Colorado environmental groups offer lawmakers a plan on climate change
Author: Joey Bunch - September 20, 2017 - Updated: September 19, 2017
Boulder-based Western Resource Advocates and Denver-based Conservation Colorado are releasing a report Wednesday that analyzes policies the legislature and state agencies could adopt to reduce carbon pollution and help fight off climate change.
The document backs goals set by Democratic Gov. John Hickenlooper in his July executive order on climate change.
The report shows asks current and future legislators to:
- Adopt a statewide goal to reduce carbon pollution by at least 45 percent below 2005 levels by 2030, and by 90 percent by 2050. (Hickenlooper’s order set a goal of a 26 percent reduction by 2025, “but we must build on that by establishing pollution limits for 2030 and 2050,” the two environmental groups said in a joint statement.)
- Advance policies that reduce carbon pollution in electricity, transportation, industrial, commercial and other sectors.
- Enact a market-based cap on carbon pollution. The groups cited a carbon tax or a cap-and-trade program as possibilities.
The full report should be available on both organizations’ websites today.
While interesting goals, the proposals have little chance of getting through the current legislature. Democrats hold a solid House majority, a nine-seat edge in the 65-member chamber, but Republicans control the Senate, 18-17. The statehouse GOP won’t budge on their support for oil and gas production. They look upon such recommendations from the left with extreme skepticism.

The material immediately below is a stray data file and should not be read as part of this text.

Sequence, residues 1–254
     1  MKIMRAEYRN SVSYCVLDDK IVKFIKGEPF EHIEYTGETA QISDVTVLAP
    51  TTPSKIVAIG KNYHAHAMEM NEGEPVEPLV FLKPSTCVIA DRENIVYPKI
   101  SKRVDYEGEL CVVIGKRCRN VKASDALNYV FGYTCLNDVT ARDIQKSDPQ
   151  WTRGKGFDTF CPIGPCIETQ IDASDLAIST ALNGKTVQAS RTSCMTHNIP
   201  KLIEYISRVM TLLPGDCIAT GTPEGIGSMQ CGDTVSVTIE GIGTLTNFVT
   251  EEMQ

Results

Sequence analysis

Next year, however, is an election that should shift the balance of power, potentially putting a Republican in the governor’s office, or Democrats could take the majority in the Senate.
Climate-change activists point to the high stakes.
”Climate change is already causing more severe wildfires, droughts, flooding and other harm to our communities and current carbon pollution reduction plans are not enough to avoid even more severe impacts in the future,” Jon Goldin Dubois, president of Western Resource Advocates, said in a statement. “Our state, businesses, local governments, and communities need to get behind comprehensive statewide action on climate change to reduce carbon pollution by 45 percent by 2030 and to ensure a healthy and resilient economy.”
Pete Maysmith, the executive director of Conservation Colorado, the state’s largest environmental organization, said the report offers a path forward on climate change.
“Gov. Hickenlooper’s important actions on climate change this summer set us on the right path, and now we need to embrace the challenge and implement specific policies that grow our clean energy economy and defend against the impact of climate change that we’re already feeling in our state.”
Here is the governor’s executive order on climate change.